The prime minister's insistence on counting overseas students in the net migration count risks alienating party colleagues
May snatches defeat from jaws of victory over student visas mess
The announcement on Thursday that net annual migration into the UK had dropped to its lowest level for three years, with a fall of 81,000 to 246,000 on the figures for the year to May 2016, should have provided the beleaguered Conservative with some welcome good news.
The topic of rising immigration has become toxic in British politics over the last decade for governments and coalitions of every hue, and such a significant drop – by almost exactly a quarter – should have been seized upon by prime minister Theresa May as proof that her harsh stance on migration, as premier since 2016 and previously as home secretary.
However, the triumph soon turned to ashes for Mrs May, an increasingly familiar scenario for her. First it was revealed that this decline was largely driven by increasing numbers of skilled EU workers leaving the country – dubbed a “deeply worrying Brexodus of EU citizens” by Liberal Democrat leader Sir Vince Cable.
More problematic for the prime minister, politically and especially personally, was the issue of foreign students and their inclusion in the government’s immigration target. Mrs May has long focused on this group as being a key driver of rising migration figures; under her watch the Home Office estimated that upwards of 100,000 overseas students overstayed their visas every year.
However, the immigration figures released by the Office for National Statistics (ONS) this week showed that figure was just 4,600 in the year up to March 2017. Sir Vince, who served as a cabinet minister in coalition with the Conservatives between 2010-15, called upon the prime minister to apologise for the “bogus” figures.
“We spent five years trying to persuade the Home Office that the figures they were using as evidence were bogus, but they persisted nonetheless on the basis of these phoney numbers.
“The consequences were very serious. I would hope they would not just apologise to the individual students,” Sir Vince said, “many of whom have paid large fees and even found themselves deported in some cases, but simply acknowledge that the figures are grossly distorted and wrong.”
During her six years at the Home Office, Mrs May made her name as a "safe pair of hands", the ultimate accolade in Westminster politics which undoubtedly helped her to win the premiership after the Brexit vote.
She was the longest serving home secretary for more than 60 years, a stark contrast to the chaotic tenures of the five preceding Labour politicians who held the post between them for just over five and a half years.
The Home Office has long been considered a graveyard of political ambition, as its wide remit – from national policing and border security, through immigration, prisons, social policy and much more – means that the politician at the top often bears the blame for operational errors made by the hundreds of thousands of civil servants under their notional control.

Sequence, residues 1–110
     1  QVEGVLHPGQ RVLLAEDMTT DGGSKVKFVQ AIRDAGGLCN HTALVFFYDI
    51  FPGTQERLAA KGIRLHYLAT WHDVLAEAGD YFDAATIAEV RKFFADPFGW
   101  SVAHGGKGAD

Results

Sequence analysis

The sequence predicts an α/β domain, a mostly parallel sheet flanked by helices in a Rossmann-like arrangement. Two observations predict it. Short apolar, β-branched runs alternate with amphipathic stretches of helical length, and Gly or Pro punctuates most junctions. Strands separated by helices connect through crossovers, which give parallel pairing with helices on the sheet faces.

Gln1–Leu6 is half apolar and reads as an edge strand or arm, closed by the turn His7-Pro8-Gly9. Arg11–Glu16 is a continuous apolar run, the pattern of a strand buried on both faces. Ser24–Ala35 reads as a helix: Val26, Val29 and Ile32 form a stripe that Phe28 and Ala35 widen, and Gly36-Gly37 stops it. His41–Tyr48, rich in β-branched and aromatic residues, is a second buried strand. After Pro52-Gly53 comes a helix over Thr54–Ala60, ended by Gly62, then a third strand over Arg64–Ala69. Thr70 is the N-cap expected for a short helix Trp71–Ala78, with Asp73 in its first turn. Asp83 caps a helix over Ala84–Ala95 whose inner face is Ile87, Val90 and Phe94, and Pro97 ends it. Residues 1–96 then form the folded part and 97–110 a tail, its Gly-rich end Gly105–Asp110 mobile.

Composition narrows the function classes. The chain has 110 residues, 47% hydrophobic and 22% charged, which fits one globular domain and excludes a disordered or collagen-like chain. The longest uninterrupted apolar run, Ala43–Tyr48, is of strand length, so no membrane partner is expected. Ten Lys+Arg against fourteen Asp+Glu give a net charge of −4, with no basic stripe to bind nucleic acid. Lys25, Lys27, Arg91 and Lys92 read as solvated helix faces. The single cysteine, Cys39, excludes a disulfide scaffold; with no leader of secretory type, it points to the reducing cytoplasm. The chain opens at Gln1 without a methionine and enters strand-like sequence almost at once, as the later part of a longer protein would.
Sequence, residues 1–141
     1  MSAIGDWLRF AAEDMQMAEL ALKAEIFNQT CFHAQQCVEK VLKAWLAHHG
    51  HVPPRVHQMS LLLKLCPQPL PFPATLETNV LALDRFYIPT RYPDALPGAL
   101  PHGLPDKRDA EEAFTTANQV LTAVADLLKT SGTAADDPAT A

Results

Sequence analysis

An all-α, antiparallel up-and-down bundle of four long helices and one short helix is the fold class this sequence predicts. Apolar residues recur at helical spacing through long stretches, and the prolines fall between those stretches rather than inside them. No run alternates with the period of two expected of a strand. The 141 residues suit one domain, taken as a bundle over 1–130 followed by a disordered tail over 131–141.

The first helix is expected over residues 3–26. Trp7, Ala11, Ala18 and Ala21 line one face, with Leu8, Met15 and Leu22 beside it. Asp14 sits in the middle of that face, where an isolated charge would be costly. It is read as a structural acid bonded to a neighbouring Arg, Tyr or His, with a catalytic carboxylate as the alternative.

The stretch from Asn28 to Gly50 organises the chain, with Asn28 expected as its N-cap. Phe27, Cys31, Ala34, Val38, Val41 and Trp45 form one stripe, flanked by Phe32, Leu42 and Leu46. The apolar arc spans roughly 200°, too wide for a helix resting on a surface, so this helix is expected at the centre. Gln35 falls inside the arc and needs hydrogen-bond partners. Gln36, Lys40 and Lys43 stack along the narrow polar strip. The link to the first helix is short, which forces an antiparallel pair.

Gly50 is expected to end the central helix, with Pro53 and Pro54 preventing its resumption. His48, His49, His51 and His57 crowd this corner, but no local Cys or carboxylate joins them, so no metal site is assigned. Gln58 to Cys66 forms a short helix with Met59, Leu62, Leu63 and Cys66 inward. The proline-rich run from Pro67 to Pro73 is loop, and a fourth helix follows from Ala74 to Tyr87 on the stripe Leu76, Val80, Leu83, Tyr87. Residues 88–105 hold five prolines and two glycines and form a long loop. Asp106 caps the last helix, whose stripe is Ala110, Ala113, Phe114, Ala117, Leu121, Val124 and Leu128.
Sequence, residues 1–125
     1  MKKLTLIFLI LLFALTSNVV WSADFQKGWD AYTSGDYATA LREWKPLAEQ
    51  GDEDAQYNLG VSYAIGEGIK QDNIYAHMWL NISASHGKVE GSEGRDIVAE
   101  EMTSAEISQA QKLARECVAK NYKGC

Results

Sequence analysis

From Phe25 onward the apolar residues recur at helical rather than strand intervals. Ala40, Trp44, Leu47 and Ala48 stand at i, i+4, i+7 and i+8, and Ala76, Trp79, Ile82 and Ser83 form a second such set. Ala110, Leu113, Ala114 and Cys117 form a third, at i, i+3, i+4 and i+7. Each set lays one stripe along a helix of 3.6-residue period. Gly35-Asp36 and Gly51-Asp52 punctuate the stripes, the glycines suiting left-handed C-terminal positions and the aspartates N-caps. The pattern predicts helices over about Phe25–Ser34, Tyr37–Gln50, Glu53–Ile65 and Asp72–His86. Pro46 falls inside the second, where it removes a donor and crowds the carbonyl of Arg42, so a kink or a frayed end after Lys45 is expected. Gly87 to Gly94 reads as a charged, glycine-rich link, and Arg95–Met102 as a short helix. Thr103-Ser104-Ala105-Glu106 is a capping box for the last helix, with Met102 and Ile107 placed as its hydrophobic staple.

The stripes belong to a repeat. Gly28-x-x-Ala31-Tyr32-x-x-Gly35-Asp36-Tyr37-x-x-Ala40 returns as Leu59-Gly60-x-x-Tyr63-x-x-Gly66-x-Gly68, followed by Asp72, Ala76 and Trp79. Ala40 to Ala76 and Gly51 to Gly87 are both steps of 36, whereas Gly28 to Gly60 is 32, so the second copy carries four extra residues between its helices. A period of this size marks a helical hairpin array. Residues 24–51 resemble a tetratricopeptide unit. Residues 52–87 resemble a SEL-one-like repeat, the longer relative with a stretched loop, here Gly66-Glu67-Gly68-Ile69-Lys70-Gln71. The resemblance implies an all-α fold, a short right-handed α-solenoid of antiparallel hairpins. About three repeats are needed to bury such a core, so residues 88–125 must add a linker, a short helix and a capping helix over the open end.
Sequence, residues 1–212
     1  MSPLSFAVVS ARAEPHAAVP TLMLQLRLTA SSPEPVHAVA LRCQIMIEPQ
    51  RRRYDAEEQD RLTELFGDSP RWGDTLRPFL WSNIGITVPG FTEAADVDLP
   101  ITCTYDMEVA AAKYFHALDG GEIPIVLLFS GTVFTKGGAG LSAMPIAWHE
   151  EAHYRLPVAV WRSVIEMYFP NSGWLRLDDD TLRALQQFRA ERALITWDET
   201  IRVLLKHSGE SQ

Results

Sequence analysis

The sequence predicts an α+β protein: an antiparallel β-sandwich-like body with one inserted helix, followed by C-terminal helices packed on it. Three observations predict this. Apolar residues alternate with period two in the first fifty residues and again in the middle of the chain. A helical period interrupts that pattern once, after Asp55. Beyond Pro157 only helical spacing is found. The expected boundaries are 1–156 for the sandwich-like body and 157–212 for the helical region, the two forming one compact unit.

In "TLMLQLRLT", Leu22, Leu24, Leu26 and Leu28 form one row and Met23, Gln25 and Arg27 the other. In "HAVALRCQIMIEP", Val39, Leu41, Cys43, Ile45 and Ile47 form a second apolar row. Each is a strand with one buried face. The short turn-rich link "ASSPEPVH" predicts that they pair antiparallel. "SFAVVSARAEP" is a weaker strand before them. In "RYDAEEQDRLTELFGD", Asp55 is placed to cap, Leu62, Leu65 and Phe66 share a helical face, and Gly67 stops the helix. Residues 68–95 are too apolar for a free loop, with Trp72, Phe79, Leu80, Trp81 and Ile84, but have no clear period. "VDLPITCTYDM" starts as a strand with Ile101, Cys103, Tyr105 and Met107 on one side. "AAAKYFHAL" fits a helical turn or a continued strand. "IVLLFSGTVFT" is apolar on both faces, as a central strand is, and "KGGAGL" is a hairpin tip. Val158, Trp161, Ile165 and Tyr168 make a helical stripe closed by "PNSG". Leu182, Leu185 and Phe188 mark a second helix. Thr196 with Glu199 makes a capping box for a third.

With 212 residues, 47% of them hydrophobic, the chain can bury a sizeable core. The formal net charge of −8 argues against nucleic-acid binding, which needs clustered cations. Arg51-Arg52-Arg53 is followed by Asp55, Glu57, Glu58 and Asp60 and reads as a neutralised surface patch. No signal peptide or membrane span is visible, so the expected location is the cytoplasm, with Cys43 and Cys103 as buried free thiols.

Mrs May was seen to have broken free from this unwanted tradition, despite immigration rising throughout her period at the Home Office – a time span when official government policy was to reduce net migration to the tens of thousands, a promise enshrined in the Conservative party’s election manifestos of 2010, 2015 and this year.
It now appears that her particular insistence on maintaining the counting of foreign students could lead to renewed infighting within the Tory party. Both the chancellor, Philip Hammond, and foreign secretary Boris Johnson are reportedly in favour of excluding students from the migration target.
Former cabinet minister Nicky Morgan, who chairs the Treasury select committee, said on Thursday that the ONS figures suggested “the reasons given for including students in the net migration numbers don’t really ring true”.
Bob Neill, another Conservative MP and former minister, agreed: “I think there is a growing realisation in the party that it is not realistic to be counting students because it is pretty clear that the vast majority return home. And, secondly, there is a recognition that post-Brexit our education sector, our higher education sector, is a big selling point.”
Mrs May’s strongly held belief is that voters would see a change in the policy on students as a betrayal of Tory manifesto pledges, and has previously said that “the most significant migrant route to Britain is the student route.”
With overseas student numbers radically down on 2010, and a similar dip in the investment they bring into the country, she now needs to balance the rhetoric that has attracted voters from the right of the electorate with a policy that embraces the positive economic and social contribution made by this group.